The Santa Clara County Board of Supervisors decided Tuesday evening to sue President Donald Trump over an executive order he signed last week.
The board made the unanimous decision in a special closed session held immediately before a hearing on hate crimes.
The executive order issued on Jan. 25 lays out an aggressive immigration enforcement plan that would cut federal funding to jurisdictions such as "sanctuary cities" that refuse to cooperate fully with immigration authorities.
County counsel James Williams will file the lawsuit on Thursday or Friday to block what board president Dave Cortese's office called "an unconstitutional act" that would "cripple" state and local governments that do not comply.
The county receives about $1 billion every year in federal funding, largely to support critical health and human services for underserved populations, according to Cortese's office.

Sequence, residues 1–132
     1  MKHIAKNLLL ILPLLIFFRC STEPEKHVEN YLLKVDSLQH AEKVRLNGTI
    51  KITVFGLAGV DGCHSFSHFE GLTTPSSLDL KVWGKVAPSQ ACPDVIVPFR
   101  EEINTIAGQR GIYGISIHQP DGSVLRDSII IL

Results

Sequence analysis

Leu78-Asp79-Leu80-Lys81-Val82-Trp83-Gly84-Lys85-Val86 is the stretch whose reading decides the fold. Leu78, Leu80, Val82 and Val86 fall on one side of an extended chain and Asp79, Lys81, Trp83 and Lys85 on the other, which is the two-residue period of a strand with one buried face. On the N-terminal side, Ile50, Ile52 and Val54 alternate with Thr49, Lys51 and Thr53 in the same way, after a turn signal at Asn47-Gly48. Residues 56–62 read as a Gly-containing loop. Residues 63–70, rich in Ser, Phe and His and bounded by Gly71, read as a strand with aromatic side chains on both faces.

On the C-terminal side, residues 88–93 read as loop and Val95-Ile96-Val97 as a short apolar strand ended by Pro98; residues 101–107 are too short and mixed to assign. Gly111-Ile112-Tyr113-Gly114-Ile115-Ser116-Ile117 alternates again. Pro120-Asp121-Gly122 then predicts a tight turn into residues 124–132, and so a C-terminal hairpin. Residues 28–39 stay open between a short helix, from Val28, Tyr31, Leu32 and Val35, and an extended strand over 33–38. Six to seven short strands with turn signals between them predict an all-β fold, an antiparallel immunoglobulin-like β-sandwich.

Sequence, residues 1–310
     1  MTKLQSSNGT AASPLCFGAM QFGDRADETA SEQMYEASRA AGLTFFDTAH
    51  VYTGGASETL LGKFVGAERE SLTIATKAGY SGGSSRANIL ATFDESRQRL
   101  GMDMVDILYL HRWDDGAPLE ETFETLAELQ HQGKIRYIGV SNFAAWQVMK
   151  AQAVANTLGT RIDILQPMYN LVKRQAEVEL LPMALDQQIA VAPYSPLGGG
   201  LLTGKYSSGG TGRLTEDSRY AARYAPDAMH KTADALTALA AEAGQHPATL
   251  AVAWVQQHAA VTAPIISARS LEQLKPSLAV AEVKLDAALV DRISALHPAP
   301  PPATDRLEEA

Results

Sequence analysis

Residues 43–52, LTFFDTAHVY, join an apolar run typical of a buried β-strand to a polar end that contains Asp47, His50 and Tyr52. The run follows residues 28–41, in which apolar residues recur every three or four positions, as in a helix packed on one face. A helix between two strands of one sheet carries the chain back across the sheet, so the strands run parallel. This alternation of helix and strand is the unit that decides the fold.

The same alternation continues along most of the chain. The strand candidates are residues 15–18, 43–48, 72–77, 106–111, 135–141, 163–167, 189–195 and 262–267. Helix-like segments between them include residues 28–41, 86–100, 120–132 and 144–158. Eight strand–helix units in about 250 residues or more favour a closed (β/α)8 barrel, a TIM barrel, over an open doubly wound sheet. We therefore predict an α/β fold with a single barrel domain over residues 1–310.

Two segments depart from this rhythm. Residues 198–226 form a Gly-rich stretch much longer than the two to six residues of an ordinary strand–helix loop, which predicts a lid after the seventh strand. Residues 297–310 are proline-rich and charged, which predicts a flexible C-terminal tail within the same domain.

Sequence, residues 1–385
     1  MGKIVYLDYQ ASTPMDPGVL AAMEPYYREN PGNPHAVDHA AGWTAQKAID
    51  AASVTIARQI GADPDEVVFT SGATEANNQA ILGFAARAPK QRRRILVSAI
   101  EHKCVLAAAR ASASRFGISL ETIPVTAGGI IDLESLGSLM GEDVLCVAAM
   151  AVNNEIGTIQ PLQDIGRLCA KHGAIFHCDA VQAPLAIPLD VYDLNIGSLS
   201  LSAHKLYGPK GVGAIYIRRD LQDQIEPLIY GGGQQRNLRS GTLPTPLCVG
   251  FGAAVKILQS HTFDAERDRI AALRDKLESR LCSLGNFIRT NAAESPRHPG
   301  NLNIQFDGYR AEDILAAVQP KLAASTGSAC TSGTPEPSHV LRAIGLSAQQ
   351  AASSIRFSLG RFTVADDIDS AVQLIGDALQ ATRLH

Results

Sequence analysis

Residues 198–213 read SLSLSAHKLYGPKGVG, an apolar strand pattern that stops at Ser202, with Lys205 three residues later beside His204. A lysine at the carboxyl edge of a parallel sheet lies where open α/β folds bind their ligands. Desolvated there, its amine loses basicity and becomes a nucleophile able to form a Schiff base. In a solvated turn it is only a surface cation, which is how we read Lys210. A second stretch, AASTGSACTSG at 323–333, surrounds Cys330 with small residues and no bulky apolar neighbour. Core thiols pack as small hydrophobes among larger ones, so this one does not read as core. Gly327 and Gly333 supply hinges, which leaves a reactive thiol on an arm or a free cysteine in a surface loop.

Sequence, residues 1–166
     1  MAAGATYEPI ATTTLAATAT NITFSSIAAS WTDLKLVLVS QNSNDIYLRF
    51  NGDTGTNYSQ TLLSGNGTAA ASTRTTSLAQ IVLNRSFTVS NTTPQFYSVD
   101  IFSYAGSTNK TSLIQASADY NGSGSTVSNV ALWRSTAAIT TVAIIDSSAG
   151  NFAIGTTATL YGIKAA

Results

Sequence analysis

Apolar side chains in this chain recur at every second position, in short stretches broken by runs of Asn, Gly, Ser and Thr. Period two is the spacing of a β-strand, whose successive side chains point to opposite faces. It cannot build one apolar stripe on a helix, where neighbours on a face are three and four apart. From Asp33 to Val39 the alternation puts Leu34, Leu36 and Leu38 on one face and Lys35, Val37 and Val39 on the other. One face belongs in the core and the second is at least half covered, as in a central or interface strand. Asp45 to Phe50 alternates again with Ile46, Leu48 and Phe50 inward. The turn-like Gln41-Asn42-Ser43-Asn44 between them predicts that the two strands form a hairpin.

Cortese, Rep. Zoe Lofgren, D-San Jose, and San Jose Mayor Sam Liccardo pledged at a news conference outside the Services, Immigrant Rights and Education Network in San Jose last week to not comply with the order.
Educators from around the county also pledged on Jan. 18 to protect students from any information-gathering that may lead to deportation or entry in a "Muslim registry" proposed by Trump.